Megan Holland, Anchorage Daily News, February 9, 2008
Prominently displayed in a glass case outside the Service High School library is a statement typed in big, bold letters:
“The best way to hide something from black people is to put it in a book.”
A group of black students who call themselves Beautiful Colors put it up to spark conversation in a high school that has seen its student population go from predominantly white to nearly half minority within the past decade.
It is stirring up passions about blacks failing in school and raising questions among black kids about where provocation for thought ends and racism begins. Parents have called the school. Teachers have set aside class time to talk about it. And principal Lou Pondolfino called a special public meeting to discuss it.
Senior Alexander Shaw is surprised at the reaction.
“I wanted to challenge people to break the mold and evoke change,” said the self-described Filipino, Puerto Rican and black 18-year-old, who, with the group, put it up as part of a Black History Month display. Somebody showed him the quote from the Internet. It has variously been attributed to white supremacists, black activists and comedians.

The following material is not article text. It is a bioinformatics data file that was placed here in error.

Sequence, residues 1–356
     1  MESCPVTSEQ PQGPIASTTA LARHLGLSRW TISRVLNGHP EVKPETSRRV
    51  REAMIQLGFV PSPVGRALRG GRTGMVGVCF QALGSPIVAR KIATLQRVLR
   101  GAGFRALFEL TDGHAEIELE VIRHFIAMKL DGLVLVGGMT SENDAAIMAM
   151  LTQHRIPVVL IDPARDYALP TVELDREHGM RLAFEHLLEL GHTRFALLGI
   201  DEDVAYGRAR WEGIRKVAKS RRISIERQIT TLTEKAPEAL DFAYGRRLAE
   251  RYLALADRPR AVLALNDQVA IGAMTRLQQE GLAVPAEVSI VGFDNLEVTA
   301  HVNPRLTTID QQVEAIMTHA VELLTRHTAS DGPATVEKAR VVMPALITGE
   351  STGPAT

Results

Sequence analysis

Shaw defends the statement by pointing to the statistics: Last year, while blacks made up the smallest minority group at Service, they had the highest dropout rate of any ethnic group, nearly double the average, according to the school.
Some white kids, black kids, other minorities and their parents want the words taken down though.
“The statement is racist and propagating stereotypes,” said parent Nicole Howell at the gathering of 50 people in the school’s library on Friday.
Reyonna Sudduth, who is part of Beautiful Colors, said she’s glad the display has caused a commotion. She wants black kids to be motivated to prove the statement incorrect.
Service High School sits in the mostly Caucasian and well-to-do Hillside neighborhoods in South Anchorage. It used to be largely a white school until South Anchorage High School was built nearby and the public school boundaries were redrawn, bringing in more racially and economically diverse students from East Anchorage neighborhoods. Now the school is 45 percent minority, according to last year’s numbers.